Drug stops HIV among hetero couples, not just gays

July 13, 2011 By MIKE STOBBE , AP Medical Writer
This Monday, May 26, 2006 file picture shows Gilead Sciences Inc.'s Truvada pill in their lab in Foster City, Calif. Two studies announced Wednesday, July 13, 2011 show the pill Truvada helped prevent the spread of the AIDS virus between heterosexual couples in Africa. The drug is already used to treat people with HIV. (AP Photo/Paul Sakuma)

An AIDS drug already shown to help prevent spread of the virus in gay men also works for heterosexual men and women, two studies in Africa found. Experts called it a breakthrough for the continent that has suffered most from AIDS.

"These studies could help us to reach the tipping point in the HIV epidemic," said Michael Sidibe, executive director of the United Nation's AIDS program, in a statement Wednesday as the study results were announced.

"This is really a game changer," said Dr. Jared Baeten, the University of Washington researcher who was a leader of one of the studies.

The prevention drug is Truvada, a pill already on pharmacy shelves to treat people with HIV. It's made by Gilead Sciences Inc. of Foster City, Calif. Another Gilead drug, Viread, was also used in one of the two African studies.

Earlier research with Truvada found it prevented spread of HIV to uninfected gay men. But experts were thrilled Wednesday at the first compelling evidence that AIDS medications can prevent infection between men and women. The U.S. Centers for Disease Control and Prevention, which gave advice last fall for use of the preventive drugs among gays, is now developing guidance for heterosexuals in this country.

At the same time, national and international health officials said it's far from clear how preventive use of these drugs will play out. How many people would want to take a pill each day to reduce their risk of HIV infection? Would they stick with it? Would they become more sexually reckless?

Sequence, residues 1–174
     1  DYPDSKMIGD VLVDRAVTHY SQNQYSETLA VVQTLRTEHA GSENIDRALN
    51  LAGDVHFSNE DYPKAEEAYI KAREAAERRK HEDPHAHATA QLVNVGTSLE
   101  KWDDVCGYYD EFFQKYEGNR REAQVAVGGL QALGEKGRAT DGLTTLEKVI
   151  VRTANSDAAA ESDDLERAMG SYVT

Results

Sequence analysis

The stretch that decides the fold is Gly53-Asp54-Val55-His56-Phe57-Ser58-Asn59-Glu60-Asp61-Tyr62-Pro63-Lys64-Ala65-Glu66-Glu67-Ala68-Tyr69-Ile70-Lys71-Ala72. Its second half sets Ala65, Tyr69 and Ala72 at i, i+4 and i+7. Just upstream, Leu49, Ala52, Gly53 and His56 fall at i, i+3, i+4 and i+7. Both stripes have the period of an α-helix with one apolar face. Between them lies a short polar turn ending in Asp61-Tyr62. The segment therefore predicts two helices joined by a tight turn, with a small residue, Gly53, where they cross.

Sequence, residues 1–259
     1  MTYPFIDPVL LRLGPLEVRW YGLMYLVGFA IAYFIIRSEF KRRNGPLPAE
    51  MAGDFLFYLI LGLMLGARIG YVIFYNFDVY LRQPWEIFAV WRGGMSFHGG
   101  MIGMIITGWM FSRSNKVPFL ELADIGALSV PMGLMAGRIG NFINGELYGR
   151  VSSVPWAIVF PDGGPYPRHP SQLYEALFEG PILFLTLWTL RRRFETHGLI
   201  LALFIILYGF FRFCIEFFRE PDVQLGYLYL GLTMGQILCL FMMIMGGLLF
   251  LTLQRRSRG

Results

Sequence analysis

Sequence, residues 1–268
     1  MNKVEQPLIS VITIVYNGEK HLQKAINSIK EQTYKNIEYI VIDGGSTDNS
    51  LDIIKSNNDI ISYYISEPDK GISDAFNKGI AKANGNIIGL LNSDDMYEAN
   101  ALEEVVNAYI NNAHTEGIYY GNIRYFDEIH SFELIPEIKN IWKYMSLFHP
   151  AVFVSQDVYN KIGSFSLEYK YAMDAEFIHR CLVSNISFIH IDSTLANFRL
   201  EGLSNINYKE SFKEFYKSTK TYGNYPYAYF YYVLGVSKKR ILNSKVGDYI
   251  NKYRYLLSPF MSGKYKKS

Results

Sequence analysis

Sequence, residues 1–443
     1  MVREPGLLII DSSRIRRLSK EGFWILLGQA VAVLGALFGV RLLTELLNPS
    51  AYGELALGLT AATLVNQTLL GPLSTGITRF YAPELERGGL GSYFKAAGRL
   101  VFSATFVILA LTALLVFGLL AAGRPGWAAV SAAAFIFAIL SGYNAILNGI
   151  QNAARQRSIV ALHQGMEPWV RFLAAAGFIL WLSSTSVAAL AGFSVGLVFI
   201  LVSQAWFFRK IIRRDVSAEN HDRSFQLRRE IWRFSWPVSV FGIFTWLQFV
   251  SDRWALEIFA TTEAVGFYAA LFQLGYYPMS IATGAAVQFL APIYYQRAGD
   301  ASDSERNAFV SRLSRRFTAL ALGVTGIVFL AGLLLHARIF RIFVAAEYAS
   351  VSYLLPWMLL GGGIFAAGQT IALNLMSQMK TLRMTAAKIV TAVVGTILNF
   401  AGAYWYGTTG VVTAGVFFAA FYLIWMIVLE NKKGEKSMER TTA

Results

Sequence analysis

Another issue: There already is a supply problem. In Africa, 6.6 million people are now on AIDS drugs, but 9 million people who are eligible for the treatment are on a waiting list, according to the World Health Organization. In the United States, many state assistance programs that help people access AIDS medications also have waiting lists.

The first of the new studies, run by the CDC, involved more than 1,200 men and women in Botswana. About half took Truvada each day. The other half got a fake pill.

An analysis of those who were believed to be regularly taking the pills found four of those on Truvada became infected with HIV, compared to 19 on the dummy pill. That means the drug lowered the risk of infection by roughly 78 percent, researchers said.

The second study was funded by the Bill & Melinda Gates Foundation and run by the University of Washington. It involved more than 4,700 heterosexual couples in Kenya and Uganda. In each couple, one partner had HIV and the other did not. The uninfected were given either daily placebos or one of the Gilead pills - Truvada or Viread.

The study found 13 HIV infections among those on Truvada, 18 in those on Viread, and 47 of those on dummy pills. So the medications reduced the risk of HIV infection by 62 percent to 73 percent, the researchers said.